The painful truth is that the scale-up process is absolutely critical to getting a technology onto the market. Without this step you may as well not have bothered inventing the technology in the first place. I know from experience that there are hundreds of extremely exciting new types of solar cells sitting waiting in laboratories around the world. The bottleneck is and always has been raising finance for the expensive scale-up process.

In the last few years however, since 2004-5, there has in fact been a remarkable inflow of venture capital money in solar energy. Certainly not all, but many solar companies have managed to raise money to take their technologies from the lab to manufacturing. Venture capitalists (particularly from Silicon Valley) and corporations across the world have poured billions into the hands of solar cell scientists to take their technology on to the next step.

What caused this sudden surge in investment in solar energy? Certainly it wasn’t a shortage of revolutionary ideas for solar cells – the concepts that were given financing have been around since the 1970s. My belief is that it was a direct result of the German feed-in tariff that was implemented in its current form in 2004, shortly before the investment frenzy began.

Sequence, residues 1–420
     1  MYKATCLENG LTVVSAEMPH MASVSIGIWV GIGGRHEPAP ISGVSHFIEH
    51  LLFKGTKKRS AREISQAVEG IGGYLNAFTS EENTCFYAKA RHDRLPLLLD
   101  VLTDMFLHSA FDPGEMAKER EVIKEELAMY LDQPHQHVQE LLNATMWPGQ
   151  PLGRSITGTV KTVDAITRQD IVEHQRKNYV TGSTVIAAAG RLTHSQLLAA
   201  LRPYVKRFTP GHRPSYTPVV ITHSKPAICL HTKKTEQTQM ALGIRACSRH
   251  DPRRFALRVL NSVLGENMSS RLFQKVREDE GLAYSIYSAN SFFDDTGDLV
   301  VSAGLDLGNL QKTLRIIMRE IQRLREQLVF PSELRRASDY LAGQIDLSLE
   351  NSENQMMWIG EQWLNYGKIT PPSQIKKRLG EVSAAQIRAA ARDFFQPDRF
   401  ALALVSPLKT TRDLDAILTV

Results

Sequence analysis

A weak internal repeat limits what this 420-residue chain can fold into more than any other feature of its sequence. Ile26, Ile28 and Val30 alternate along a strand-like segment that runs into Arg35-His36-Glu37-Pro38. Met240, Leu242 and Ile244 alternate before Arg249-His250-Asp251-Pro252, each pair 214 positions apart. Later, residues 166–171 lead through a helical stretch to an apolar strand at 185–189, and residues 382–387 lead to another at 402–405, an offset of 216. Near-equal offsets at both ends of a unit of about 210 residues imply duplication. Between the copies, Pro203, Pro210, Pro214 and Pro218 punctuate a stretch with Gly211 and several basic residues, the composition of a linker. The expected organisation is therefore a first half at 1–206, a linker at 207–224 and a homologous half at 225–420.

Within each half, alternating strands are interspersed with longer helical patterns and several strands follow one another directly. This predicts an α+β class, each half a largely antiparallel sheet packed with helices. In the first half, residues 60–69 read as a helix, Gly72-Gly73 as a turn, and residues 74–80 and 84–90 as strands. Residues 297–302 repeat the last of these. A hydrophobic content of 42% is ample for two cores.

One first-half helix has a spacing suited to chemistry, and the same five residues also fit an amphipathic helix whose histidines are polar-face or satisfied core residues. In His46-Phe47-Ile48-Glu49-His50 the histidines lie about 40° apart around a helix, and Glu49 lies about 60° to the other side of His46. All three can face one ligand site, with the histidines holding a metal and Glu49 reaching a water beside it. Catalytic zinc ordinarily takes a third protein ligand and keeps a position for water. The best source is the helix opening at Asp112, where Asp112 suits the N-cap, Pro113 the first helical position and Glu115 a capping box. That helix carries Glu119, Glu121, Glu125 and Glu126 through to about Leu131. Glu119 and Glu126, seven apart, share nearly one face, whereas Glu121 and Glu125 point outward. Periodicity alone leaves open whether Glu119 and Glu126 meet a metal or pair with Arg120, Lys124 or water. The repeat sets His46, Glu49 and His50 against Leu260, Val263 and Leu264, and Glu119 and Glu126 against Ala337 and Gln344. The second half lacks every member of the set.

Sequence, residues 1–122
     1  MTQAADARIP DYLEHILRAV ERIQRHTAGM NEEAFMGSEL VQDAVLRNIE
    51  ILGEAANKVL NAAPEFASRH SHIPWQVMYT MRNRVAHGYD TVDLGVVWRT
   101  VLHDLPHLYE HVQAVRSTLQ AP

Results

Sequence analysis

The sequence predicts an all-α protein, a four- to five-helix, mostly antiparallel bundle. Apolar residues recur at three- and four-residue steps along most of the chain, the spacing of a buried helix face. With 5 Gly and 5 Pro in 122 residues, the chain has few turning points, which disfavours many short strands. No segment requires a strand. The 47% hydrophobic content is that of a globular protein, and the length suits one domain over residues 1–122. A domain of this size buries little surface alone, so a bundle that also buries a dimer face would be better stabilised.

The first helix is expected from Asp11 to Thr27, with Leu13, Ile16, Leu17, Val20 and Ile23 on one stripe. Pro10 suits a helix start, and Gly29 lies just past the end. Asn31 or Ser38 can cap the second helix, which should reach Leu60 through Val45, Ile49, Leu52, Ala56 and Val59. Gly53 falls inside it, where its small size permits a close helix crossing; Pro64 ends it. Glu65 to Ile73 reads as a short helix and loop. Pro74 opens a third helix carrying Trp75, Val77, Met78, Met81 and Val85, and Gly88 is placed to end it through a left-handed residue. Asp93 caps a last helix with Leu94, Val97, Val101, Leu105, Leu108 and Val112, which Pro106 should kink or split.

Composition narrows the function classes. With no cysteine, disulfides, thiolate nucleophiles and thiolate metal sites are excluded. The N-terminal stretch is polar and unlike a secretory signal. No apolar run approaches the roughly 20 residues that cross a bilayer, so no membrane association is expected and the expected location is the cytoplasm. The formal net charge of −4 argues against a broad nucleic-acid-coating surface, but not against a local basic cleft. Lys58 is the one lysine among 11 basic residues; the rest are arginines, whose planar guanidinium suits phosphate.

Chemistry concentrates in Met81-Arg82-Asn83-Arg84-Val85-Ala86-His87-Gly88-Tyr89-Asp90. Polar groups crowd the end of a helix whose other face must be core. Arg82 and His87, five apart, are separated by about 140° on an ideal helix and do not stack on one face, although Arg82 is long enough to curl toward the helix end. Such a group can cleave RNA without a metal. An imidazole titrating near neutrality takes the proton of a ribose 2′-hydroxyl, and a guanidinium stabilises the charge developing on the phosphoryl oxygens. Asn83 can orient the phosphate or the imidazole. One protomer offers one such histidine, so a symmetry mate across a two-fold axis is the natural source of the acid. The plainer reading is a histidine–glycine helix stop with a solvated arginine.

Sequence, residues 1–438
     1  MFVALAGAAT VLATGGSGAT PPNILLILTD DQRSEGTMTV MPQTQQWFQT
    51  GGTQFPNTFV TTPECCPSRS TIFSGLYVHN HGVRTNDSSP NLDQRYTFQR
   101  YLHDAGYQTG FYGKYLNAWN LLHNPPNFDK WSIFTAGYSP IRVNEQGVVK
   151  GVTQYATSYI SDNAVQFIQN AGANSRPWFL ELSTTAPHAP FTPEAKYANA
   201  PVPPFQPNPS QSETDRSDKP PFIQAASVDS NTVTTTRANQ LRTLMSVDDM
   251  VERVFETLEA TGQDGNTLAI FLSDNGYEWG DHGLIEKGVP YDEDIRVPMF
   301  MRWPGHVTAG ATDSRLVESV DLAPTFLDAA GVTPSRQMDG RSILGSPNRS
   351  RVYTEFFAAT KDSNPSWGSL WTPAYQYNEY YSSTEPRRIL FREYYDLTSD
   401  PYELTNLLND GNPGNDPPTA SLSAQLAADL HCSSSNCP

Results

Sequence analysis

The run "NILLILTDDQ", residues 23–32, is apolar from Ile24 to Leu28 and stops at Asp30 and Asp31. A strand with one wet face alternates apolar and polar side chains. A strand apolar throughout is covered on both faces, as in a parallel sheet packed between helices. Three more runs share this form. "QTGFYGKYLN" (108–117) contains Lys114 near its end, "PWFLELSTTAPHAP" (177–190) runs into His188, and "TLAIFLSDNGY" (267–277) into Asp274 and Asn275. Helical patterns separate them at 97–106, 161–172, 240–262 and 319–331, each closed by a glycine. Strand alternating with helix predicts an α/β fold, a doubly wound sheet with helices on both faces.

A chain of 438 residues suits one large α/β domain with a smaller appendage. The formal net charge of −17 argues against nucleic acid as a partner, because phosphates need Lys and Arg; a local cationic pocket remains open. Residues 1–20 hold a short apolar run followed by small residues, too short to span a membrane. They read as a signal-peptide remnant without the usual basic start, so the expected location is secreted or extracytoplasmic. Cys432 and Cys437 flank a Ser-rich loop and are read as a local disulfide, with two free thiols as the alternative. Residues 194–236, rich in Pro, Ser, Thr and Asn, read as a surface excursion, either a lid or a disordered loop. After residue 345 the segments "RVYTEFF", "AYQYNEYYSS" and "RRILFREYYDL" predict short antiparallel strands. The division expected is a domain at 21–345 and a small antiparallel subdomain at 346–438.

Almost overnight, Germany became the single largest solar energy market in the world, and has remained so ever since. In 2009, over 60% of all the world’s solar panels were installed in Germany. The feed-in tariff guarantees a market for solar energy products and this is exactly what investors are looking for to reduce the risk of a new technology. There will always be technical risk, but the feed-in tariff means that at least if a new technology does work, investors can be sure there will be someone to buy it.

Many of these internationally funded new solar panel companies decided to build their first production lines in Germany. Examples of such companies are First Solar, Nanosolar, Avancis, Q-Cells, Sunfilm, Signet Solar, ErSol, Johanna Solar… I could go on. Each of these companies has raised hundreds of millions of dollars to build factories that produce new types of solar panels. Even the companies not located in Germany have all open their first sales office there.

Of course not all these companies will be successful, in fact Sunfilm recently announced it would go into administration, but that is the nature of developing technologies. The process of designing and inventing a new factory, and then using it to make good reliable solar panels takes such a long time. Despite this, First Solar has just entered the S&P500 with billions in annual revenue, and several others are in their footsteps. There is risk, but without trying you don`t have a chance. The prize is great for those who succeed, and often the experience an expertise gained in failure is not without value.

My opinion is that the feed-in tariff is great for encouraging investment in the scale-up stage of R&D, which is very poorly funded in the UK. Laboratory research will continue, and governments should not cut back spending on universities. However, if a government wants this early stage research to eventually make an impact on the economy, they have to find a way to support expansion stage R&D, and introducing a feed-in tariff is very good way to do this.